by Brian Hioe

Photo Credit: Mirror TV/Facebook

THE NATIONAL COMMUNICATIONS COMMISSION (NCC) approved the broadcast of Mirror TV earlier this week. Mirror TV is the first television network approved for broadcast in a decade and could start broadcasting as early as June.

Although Mirror TV was approved to launch a network in January 2022, this only took place after a two-year review process. Mirror TV will broadcast on channel 86, serving an estimated 2.63 million households.

In particular, Mirror TV saw controversy over allegations from the pan-Blue camp that the Tsai administration pressured the NCC to approve Mirror TV. The pan-Blue camp was, in large part, acting in retribution for the Tsai administration’s decision to not renew the broadcast license for CtiTV, the major pan-Blue television outlet.

Nevertheless, controversy over Mirror TV’s approval is extensive enough that the KMT, TPP, and NPP have all stated that they will boycott the approval of the NCC’s budget next year. The TPP has also criticized the NCC for approving Mirror TV’s broadcast license during a time when the legislature is in recess. The KMT and NPP protested outside of the NCC meeting in which Mirror TV’s approval was passed.

Controversy exploded over Mirror TV when Chen Jiau-hua of the NPP leaked recordings that included comments by former Mirror TV chair Pei Wei at a shareholders’ meeting in December of Pei stating President Tsai Ing-wen and Premier Su Tseng-chang pressured the NCC to approve Mirror TV’s application. Former Mirror TV chair Chen Chien-ping, who claimed in the aftermath of the incident to have a full recording of the meeting where the comments were made and to be willing to show this to prosecutors, has been among those critical of the network’s launch.

NCC chair Chen Yaw-shyang is currently under investigation over potential corruption with regard to Mirror TV’s application for a broadcast license. Questions have been raised of Mirror TV replacing members of its board, financial transparency, and the network’s ownership.

Photo credit: Solomon203/WikiCommons/CC BY-SA 3.0

Four of the NCC’s members voted in favor of Mirror TV, while two cast blank votes, and vice chair Wong Po-tsung abstained. Wong’s abstention was over allegations that he was involved in backroom efforts to push for Mirror TV’s approval.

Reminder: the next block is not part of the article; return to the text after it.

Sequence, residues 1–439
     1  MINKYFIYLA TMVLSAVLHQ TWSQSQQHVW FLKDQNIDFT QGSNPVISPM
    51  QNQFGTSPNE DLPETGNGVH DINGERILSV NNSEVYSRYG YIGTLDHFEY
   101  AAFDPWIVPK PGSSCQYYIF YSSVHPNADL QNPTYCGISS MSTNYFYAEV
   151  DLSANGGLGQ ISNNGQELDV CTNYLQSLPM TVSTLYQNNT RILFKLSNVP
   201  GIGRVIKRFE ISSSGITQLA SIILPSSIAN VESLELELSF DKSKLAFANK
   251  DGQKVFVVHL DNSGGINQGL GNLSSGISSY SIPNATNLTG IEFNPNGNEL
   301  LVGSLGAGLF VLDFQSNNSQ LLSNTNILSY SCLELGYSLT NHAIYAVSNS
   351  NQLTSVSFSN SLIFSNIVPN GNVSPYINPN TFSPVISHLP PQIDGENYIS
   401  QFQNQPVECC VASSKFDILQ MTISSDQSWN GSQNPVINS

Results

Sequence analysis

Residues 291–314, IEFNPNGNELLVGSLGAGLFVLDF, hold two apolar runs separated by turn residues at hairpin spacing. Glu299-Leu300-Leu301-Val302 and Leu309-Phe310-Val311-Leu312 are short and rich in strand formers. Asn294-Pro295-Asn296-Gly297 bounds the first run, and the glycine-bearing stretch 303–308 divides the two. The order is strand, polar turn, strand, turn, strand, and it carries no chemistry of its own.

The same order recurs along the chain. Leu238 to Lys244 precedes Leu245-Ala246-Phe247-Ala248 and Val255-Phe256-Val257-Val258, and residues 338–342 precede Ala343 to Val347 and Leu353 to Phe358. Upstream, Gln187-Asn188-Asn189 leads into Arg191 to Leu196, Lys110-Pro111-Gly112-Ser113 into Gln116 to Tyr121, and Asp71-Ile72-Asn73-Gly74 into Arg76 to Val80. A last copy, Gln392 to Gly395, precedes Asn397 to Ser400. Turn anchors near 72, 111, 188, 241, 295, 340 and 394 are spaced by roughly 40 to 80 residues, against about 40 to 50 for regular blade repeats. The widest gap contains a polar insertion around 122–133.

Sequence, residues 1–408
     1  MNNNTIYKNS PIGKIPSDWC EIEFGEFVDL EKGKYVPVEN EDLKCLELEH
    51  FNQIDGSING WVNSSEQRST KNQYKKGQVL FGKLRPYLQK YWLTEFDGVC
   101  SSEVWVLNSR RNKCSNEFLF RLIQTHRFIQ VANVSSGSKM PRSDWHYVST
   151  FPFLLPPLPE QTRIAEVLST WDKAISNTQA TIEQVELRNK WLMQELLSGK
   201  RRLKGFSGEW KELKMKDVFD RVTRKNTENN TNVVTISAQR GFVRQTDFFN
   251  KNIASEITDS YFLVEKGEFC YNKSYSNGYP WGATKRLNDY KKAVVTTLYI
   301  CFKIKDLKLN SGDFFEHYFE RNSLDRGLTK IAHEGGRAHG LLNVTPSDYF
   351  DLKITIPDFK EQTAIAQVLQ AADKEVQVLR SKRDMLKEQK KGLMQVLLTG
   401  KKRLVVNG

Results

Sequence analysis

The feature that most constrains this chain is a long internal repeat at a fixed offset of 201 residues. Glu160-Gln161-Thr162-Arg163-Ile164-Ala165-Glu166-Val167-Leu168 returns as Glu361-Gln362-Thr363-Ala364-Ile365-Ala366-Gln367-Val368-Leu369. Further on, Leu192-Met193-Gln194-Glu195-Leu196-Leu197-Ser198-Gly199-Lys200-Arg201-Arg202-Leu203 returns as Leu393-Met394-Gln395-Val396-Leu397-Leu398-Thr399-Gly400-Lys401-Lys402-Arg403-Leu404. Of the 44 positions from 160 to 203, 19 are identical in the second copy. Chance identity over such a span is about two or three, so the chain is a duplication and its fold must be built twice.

A number of issues had been raised about Mirror TV’s application beforehand, however. Firstly, it was mandated that Mirror TV’s operations had to be separated from its management. Given concerns about the potential for Chinese investment to affect the content broadcast by Mirror TV, Mirror Media was required to comply with the Anti-Infiltration Act and Act Governing Relations Between the People of the Taiwan Area and the Mainland Area. Investment from the Chinese government, or from foreign entities seeking to influence Taiwanese politics, would be punished.

CtiTV losing its broadcast license took place in the context of reports from the Financial Times that it and other Want Want Group-owned outlets were directly taking orders from China’s Taiwan Affairs Office in terms of content and placement of articles, as well as reports by the Apple Daily that Want Want Group-owned outlets were receiving funds from the Chinese government. Nevertheless, the NCC did not go after this issue when deciding not to renew CtiTV’s broadcast license on the basis of violations by CtiTV, focusing on reports inflating the crowd count at then-Kaohsiung mayor Han Kuo-yu’s inauguration and that an “auspicious cloud” appeared above a meeting of three KMT mayors.

Likewise, given a news environment that already heavily slants toward tabloid content, concerns were raised by the NCC that Mirror TV would feature tabloid-style content similar to its parent company, Mirror Media. Specifically, the NCC raised concerns about the reporting of Chinese disinformation, as well as reporting of disinformation and misinformation pertaining to COVID-19.

Although financial irregularities or corruption in the process leading to Mirror TV’s approval are possible, the pan-Blue camp has generally sought to attack efforts by the Tsai administration to regulate Chinese over-the-top providers, the term referring to providers of streaming services. Consequently, the pan-Blue camp has been accused of attempting to obstruct efforts to prevent Chinese disinformation from targeting Taiwan.

Indeed, the pan-Blue camp has honed in on the fact that academics who were part of the Anti-Media Monopoly Movement a decade prior are currently part of the NCC. The Anti-Media Monopoly Movement originally broke out in the years prior to the 2014 Sunflower Movement. This may be one of many ways in which issues salient a decade ago still prove highly relevant to contemporary Taiwanese politics.

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